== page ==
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Solid foundations? Prefab homes and the housing crisis



Britain’s housing crisis has been building over the past decade. It’s no secret that a lack of affordable housing and the increasing size of deposits required has resulted in rising levels of temporary accommodation, as well as a market where home ownership remains out of reach for millions.

As a prospective first time buyer and reluctant member of “Generation Rent”, considering how to get on to the housing ladder is daunting to say the least. So, naturally, discussions this week about the Government’s plans to build 100,000 modern prefab homes piqued my interest.

First created in the post-war era to bridge the shortage of housing after World War Two, the original prefab homes were hampered by quality issues. Quickly constructed, they offered a lifeline for many displaced families, but were designed to last no more than ten years and thus provided only a short-term fix.

This week’s announcement has been at odds with these long-standing perceptions of so-called “ready-made homes”, repositioning them as a potential long-term solution for the UK’s modern day housing crisis.

So, is the plan built on solid foundations or will it all come tumbling down?

A recent report by the homelessness charity, Shelter, forecasted that the Government will miss its target of one million homes by 2020, with a predicted shortfall of 266,000 and a new solution required. Enter stage right, prefab housing.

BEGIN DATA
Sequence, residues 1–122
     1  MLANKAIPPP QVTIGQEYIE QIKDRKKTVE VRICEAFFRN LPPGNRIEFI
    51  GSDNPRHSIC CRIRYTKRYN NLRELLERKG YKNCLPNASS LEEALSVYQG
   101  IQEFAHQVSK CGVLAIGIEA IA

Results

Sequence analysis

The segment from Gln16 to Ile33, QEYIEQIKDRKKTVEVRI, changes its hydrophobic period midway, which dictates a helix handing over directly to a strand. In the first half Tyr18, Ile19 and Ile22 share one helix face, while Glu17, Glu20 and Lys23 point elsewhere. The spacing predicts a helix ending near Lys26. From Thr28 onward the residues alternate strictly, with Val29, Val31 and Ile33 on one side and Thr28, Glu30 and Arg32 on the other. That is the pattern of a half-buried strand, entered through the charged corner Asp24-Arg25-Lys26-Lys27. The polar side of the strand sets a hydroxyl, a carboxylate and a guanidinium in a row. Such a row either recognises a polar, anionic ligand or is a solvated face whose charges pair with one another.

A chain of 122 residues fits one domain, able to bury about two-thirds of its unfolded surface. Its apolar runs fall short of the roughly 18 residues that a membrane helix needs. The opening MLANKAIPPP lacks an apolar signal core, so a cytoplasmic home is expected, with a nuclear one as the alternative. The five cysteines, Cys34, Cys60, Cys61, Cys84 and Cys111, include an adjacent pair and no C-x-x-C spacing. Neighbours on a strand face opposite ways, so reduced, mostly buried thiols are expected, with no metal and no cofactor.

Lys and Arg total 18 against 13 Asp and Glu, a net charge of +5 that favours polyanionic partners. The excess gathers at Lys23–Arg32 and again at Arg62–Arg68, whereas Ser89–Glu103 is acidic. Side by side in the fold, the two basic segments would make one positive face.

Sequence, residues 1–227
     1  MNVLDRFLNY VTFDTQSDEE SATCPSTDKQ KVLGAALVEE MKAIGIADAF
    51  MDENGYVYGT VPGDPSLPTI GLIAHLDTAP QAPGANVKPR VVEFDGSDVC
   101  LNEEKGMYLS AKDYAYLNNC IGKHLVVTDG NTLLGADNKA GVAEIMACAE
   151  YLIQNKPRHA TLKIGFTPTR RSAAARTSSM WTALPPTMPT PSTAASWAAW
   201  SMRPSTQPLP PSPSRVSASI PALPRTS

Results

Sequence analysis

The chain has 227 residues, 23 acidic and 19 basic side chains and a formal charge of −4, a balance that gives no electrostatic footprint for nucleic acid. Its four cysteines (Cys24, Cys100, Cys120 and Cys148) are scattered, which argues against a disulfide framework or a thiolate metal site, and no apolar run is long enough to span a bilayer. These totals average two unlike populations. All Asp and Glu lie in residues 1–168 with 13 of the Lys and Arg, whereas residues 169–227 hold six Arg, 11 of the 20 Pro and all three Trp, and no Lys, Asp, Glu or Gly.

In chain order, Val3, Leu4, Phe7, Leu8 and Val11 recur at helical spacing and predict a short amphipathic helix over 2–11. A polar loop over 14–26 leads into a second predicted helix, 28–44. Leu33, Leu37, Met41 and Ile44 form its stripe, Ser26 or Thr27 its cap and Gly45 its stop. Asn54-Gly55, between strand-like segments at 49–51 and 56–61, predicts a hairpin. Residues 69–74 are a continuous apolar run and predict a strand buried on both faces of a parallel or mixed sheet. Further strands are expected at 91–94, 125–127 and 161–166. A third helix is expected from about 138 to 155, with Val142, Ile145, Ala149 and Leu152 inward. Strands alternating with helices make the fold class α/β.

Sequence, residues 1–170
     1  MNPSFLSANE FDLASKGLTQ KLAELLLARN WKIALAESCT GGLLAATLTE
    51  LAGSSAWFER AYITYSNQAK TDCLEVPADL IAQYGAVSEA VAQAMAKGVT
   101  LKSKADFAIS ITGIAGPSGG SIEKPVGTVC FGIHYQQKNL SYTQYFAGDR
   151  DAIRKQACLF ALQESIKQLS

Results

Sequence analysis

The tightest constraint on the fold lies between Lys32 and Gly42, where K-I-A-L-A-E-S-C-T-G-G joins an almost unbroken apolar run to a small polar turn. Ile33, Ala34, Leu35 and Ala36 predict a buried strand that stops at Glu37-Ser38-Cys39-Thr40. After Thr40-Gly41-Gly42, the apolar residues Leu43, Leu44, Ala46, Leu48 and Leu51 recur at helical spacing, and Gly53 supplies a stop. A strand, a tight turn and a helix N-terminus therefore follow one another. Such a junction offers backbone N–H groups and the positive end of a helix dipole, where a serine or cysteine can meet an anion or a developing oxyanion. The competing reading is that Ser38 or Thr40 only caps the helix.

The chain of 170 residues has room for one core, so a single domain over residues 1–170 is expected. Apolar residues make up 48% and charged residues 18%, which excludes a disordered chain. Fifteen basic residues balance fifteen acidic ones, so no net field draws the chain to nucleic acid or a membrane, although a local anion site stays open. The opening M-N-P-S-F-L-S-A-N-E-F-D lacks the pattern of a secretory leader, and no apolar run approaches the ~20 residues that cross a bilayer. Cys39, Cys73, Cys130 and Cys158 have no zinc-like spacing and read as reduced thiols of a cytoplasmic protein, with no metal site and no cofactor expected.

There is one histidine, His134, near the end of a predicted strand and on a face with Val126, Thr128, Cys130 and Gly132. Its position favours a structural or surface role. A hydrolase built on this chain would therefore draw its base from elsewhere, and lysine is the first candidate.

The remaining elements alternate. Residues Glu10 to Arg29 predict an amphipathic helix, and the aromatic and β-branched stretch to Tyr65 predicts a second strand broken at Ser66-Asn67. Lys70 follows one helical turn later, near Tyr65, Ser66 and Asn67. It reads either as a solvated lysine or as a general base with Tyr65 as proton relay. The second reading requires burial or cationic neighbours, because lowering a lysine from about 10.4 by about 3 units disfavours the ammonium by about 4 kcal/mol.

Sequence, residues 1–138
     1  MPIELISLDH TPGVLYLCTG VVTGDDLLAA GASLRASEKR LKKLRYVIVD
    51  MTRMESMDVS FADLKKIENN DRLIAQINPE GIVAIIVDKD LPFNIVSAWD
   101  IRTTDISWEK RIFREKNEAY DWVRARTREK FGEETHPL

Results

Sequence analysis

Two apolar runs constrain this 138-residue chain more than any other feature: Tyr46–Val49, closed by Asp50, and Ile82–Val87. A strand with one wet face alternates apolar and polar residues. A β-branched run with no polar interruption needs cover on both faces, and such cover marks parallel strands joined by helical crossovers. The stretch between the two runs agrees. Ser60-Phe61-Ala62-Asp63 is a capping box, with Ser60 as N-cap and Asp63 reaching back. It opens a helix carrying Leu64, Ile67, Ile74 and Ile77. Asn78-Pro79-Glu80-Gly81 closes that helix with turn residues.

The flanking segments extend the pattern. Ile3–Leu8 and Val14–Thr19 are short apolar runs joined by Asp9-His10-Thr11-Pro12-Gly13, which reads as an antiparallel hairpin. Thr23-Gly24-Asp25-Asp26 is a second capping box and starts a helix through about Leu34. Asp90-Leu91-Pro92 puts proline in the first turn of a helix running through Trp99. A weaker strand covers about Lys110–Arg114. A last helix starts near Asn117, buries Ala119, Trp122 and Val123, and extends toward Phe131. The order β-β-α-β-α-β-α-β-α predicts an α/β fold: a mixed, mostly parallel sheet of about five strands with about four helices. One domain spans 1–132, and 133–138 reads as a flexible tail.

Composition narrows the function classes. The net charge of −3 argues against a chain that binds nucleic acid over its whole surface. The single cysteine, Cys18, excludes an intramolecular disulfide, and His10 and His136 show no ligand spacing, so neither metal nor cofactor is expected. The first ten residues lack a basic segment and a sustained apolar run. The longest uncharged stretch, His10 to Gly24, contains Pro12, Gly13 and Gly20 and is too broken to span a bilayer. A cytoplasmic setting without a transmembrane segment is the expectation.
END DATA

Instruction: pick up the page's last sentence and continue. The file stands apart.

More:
This new generation of modern homes takes on a whole new design and manufacturing model. While they are still in a ready-made format – produced in factories and constructed on site – improvements in technology mean that quality is no longer a limitation. Modular design enables designers to work off-site and use new technologies that keep quality, and the end user’s needs, in sight.

Let’s take an example of this approach in action. Property innovator, Urban Splash, has recently unveiled its Manchester-based Irwell Riverside house development, offering prospective buyers autonomy over their living space. Marketing itself with the slogan “offering space not rooms” is very astute; people first decide how many square feet they require and then how to use the space. For example, if a tenant wants their kitchen on the top floor and an open plan environment, this can be easily factored in thanks to the flexible modular design. Urban Splash has won awards for its innovative approach and it appears that the powers that be are taking note.

As well as more control over design decisions and increased flexibility, modern prefabs offer another key advantage for the Government’s house building initiatives: speed. With the manufacturing process generally taking between 12 and 14 days, and then a further ten to 12 days to construct on site, prefab homes offer the kind of turnaround that traditional house building could only dream of.

With 2020 fast approaching and the housing crisis deepening, prefabs could be the solution that the country so desperately needs.

 

 

 

 

 

 

Tagged with: building, Built Environment, Construction, homes, houses, Manchester, Marketing, PR, PR agencies Manchester, PR Agency Manchester, PR Manchester, prefab, Public Relations, Public Relations North West